Tag Archives: Women on Boards

The gender pay gap in 2015

career_ladderPaying people unequally for equal or similar work has been illegal for over 40 years yet we still hear excuses for gender pay gaps.

We’re told this represents the difference between men and women’s average salaries, reflecting the types of jobs women ‘tend’ to enter & the levels of seniority they reach.

But I wonder if women would ‘tend’ to enter these types of jobs as much if they were given a better choice, or if more men took on more family responsibilities?

Where we’re at in 2015

Minister for Women and Equalities Nicky Morgan reminds us that…

“100 years on from the Suffragette movement, we still don’t have gender equality in every aspect of our society.”

And Chief Executive Officer of the Chartered Management Institute Ann Francke said:

“One of the biggest drivers of gender pay discrepancy, especially at senior levels, is the bonus gap. Bonuses are also where gender bias can creep in easily as they are amongst the least transparent forms of pay.

There’s a tendency to reward those in our own image or to think that because men may be the ‘main breadwinners’ they deserve higher bonuses. And men often negotiate harder or trumpet their achievements more readily.”

Let’s look at this Government’s record…

The government can legitimately claim credit for
+ hitting the female Director target of 25 per cent (FTSE 100 companies)
+ more women-led businesses than ever before
+ increasing the number of majority women-led SMEs to around 1 million (20%) in 2014, by some 170,000 from 2010
+ virtually eliminating the gender pay gap among full-time workers under 40
+ some 233,000 women starting an apprenticeship
+ giving 285,000 couples per year access to shared parental leave
+ introducing 30 hours of free childcare
+ giving 20.6 million employees the ability to benefit from flexible working
+ rolling out a new careers service showing schoolgirls that no profession is off limits

New Measures to eliminate the Gender Pay Gap

In July, the Prime Minister announced plans to end the gender pay gap in a generation and the government is now pledging to:
+ force larger employers to publish information about any bonuses as part of their gender pay gap reporting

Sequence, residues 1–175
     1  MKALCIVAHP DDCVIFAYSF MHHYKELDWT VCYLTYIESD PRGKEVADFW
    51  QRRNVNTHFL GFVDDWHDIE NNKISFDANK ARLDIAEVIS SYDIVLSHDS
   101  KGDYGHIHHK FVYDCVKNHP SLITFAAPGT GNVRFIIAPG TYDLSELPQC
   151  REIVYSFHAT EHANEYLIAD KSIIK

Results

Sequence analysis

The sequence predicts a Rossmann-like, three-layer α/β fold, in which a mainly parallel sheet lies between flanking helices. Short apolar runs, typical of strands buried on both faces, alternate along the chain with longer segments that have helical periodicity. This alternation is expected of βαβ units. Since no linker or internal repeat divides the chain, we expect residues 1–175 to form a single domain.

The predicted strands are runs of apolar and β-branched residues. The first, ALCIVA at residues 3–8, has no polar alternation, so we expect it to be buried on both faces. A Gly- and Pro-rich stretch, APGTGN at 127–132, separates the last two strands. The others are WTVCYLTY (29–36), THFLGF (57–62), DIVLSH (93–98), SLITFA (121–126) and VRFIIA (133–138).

+ extend gender pay gap reporting beyond private and voluntary sector employers to include the public sector
+ eliminate all single gender Boards in the FTSE 350

We await new regulations addressing these areas following a recent consultation asking employers and employees to say how, when and where this data should be published.

Women On Boards progress

Earlier this year, the UK hit the 25% target for Women on Boards set by Lord Davies and supported by the government back in 2011.

Lord Davies is now preparing to release his final report on women on boards, which will outline his recommendations.

We’d like this to recommend fifty:fifty for our gender ambition, recognising that Female Executive Directors are the preferred way forward as they are more likely to be full time employees, informed by, and therefore able to influence internal business culture, whereas NEDs are usually temporary and part time appointments without that inside knowledge or experience.

Yes we’re clearly on the right track now but we’ve still got a long way to go before women can feel fairly represented in all areas. Including politics of course.

NB: The new Women’s Equality Party is taking on BIG issues with women’s best interests at heart. You can find out more here and if you feel strongly, as I do, that women need their own representation please join #WE to nudge female progress along in all areas.


The female Executive versus Non Executive Director choice

NEDS-TABLE-Short_580Given a choice of methods to meet gender targets which tactic would be quicker/easier for existing mainly male Boards to recruit more women to the Boardroom would you think?

You could EITHER invest in skilled, qualified and previously groomed senior females from within the organisation with a view to their long term future as a Director, making a genuine commitment to gender diversity…

OR you could talk to a recruitment specialist to find/appoint a Non Executive female Director with the specific functional skills you need.

Given that choice I’d plump for the first scenario as this will create female role models and represent career progression for ambitious women in future, making the business stand out as a female employer of choice.